By Katie East
Lent is here and you’re probably settling on what to give up. If you considered cutting booze, but didn’t think you could make it 40 days, I’m here to tell you that you can. I renounced alcohol this holiday season and I’ve got some tips for the social drinker.
I survived Christmas, New Years and Mardi Gras without a drink. OK, so I had one glass of champagne at New Years: a BIG glass. But still, a pretty impressive feat. In fact, I even enjoyed these holidays more without alcohol. How can this be?
By the time you read this I’ll have attended at least three parades this Mardi Gras: all of them sober. This is surprisingly way easier than I expected. Personally, I love to dance and wear a costume: I don’t need booze to convince me that’s OK. Not drinking just means less waiting in pee lines and a more pristine tutu. If large crowds and babysitting drunk people scares you then maybe you should skip a sober Carnival.
Quitting drinking can be hard for problem drinkers, but even harder for social drinkers any time of the year. When people think they don’t have a problem drinking they forget how necessary taking a break can be for your body; it’s important for your character too.
Let’s be honest, drinking makes things easier. In somewhat moderation, alcohol can be the perfect social lubricant. It can seal business deals and make expressing emotions more natural. When you’re drinking to fix your problems, that’s an issue. But, if you’re drinking a little at a social event to “take the edge off,” it’s often for the greater good.
Even if you don’t have a problem, taking a month or two off from drinking will teach you a lot about yourself and your drinking habits; it’s something everyone should practice.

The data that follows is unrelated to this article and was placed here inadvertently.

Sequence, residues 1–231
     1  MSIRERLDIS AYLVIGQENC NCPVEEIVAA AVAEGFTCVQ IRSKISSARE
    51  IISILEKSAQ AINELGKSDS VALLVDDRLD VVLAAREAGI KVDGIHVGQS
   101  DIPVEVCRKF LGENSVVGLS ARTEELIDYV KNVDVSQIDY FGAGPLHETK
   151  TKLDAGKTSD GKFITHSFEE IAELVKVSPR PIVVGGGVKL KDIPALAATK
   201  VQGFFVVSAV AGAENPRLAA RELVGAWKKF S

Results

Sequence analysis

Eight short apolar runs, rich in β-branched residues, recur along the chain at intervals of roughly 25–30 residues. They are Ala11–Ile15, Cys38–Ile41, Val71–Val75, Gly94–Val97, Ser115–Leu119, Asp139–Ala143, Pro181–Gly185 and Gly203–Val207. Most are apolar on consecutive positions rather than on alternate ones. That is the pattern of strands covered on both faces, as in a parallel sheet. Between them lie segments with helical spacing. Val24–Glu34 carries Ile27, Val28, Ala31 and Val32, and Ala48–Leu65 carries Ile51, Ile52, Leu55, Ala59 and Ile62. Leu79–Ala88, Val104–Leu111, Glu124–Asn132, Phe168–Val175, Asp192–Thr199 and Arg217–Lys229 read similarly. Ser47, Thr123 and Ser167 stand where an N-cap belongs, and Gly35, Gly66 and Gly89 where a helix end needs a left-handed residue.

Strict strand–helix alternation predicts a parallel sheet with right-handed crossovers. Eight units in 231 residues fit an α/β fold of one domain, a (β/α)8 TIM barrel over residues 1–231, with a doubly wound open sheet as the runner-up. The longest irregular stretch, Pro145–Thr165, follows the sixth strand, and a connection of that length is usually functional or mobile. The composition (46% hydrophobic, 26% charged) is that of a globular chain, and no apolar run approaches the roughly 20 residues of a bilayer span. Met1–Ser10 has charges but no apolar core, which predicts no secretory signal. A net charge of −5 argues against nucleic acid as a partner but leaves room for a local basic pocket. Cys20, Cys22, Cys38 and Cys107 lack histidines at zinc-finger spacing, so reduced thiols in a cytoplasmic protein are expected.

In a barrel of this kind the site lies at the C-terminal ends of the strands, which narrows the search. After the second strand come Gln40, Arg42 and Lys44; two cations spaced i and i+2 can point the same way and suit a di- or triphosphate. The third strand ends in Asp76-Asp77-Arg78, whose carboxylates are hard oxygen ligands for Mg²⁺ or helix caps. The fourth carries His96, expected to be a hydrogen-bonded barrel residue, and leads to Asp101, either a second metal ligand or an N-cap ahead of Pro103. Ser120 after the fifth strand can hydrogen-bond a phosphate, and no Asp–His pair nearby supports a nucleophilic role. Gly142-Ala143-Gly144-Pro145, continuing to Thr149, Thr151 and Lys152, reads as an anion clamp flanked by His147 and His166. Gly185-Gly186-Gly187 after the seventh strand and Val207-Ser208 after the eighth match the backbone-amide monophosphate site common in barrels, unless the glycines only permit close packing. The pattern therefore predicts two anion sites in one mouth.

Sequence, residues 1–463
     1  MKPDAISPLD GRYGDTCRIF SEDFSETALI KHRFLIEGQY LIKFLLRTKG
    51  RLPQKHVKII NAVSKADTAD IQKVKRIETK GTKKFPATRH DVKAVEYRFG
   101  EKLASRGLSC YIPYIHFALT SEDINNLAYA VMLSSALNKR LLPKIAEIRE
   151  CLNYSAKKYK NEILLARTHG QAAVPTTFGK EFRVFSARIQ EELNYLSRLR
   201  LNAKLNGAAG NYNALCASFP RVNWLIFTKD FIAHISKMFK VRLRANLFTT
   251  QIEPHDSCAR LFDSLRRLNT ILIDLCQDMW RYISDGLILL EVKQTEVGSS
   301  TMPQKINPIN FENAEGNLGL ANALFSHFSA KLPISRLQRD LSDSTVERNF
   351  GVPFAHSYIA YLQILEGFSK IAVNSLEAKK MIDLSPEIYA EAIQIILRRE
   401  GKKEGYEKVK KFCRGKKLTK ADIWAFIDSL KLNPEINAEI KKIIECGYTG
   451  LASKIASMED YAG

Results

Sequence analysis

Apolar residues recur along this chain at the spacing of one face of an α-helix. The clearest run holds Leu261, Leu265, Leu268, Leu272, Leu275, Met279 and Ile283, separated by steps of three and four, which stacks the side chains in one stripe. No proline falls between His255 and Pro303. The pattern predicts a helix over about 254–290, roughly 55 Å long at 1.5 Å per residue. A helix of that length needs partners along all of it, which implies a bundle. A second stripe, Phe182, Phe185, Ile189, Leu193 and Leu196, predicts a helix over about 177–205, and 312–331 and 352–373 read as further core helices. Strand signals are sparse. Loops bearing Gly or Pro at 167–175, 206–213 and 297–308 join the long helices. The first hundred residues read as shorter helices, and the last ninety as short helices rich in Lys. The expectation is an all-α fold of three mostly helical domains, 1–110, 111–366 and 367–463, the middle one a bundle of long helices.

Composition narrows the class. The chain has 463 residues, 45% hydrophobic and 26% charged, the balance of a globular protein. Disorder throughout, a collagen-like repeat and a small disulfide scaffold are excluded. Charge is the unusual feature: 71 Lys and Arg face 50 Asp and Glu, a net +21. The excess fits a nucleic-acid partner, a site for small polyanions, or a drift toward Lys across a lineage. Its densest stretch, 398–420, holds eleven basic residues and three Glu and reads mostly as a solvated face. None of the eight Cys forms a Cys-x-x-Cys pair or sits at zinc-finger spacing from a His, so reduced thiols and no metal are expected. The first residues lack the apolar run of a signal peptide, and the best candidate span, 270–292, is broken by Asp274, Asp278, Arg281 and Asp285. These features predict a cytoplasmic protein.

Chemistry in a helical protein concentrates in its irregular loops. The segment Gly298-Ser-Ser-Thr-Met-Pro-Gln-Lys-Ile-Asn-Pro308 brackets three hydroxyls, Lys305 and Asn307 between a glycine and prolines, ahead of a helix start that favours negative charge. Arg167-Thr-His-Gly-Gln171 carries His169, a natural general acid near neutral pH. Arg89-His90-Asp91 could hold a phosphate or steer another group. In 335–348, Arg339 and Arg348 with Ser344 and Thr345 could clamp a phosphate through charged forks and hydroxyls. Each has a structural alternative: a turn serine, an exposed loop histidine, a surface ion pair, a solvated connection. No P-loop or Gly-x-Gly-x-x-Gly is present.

So, if you’ve never challenged yourself to a month or more of sobriety (since you were a kid), I’ll give you a timeline of how it usually goes.
For the first week of sobriety you usually stay in, and get some projects done you had been putting off. It feels great! You envision a time where you don’t have a procrastinated to-do list because you’re always on top of your tasks. You’re pretty proud of yourself, but not enough to brag. Secretly though, you assume your medal will be coming in the mail at any moment.
If you’re like me, and have a busy social life, not drinking won’t keep you home for long. Somewhere after day seven you go out with friends and immediately regret your decision to abstain.
You think, “Why am I doing this again? Oh yeah, because I said so.”
Somewhere before week two you force yourself out again, and write off socializing completely. Being sober is fine and good until you go to a bar and have to explain yourself. Your friends’ incessant offers of free drinks start to take its toll.
By the end of week two you sigh in relief: you’re half-way through. Then you have an intense, glass of water half-empty moment: “I’m only half-way through? How could that be?”
Usually around that time you start to notice how far your paycheck has gotten you without booze. That extra income motivates you and pushes you forward. “I guess it’s not that bad,” you think. “I can do it.”
At week three you start to settle in your own skin. Going out isn’t that difficult for you anymore. You realize you don’t need a drink to have fun.
Around the same time you realize your extra cash has vanished. You over-estimated your savings, and found another hobby or trinket to spend it on and your to-do list is as back-logged as ever. Plus, you finally come to terms with the fact that no medal is coming; no one is patting you on the back except yourself.
About day 28 the physical and social cravings are completely gone. Not drinking isn’t hard anymore and in fact it’s even enjoyable. You remember you’re still your same fun self without any social lubricant: you embrace your weirdness.
Then, before you know it, day 30. You feel ready to do another 30 days; 10 more will be a cake walk.
If I can forgo booze throughout the holidays you can definitely do it for Lent. So, the Wearin’ of the Green parade won’t be as fun as usual this year. Trust me, in the end, it’s worth it.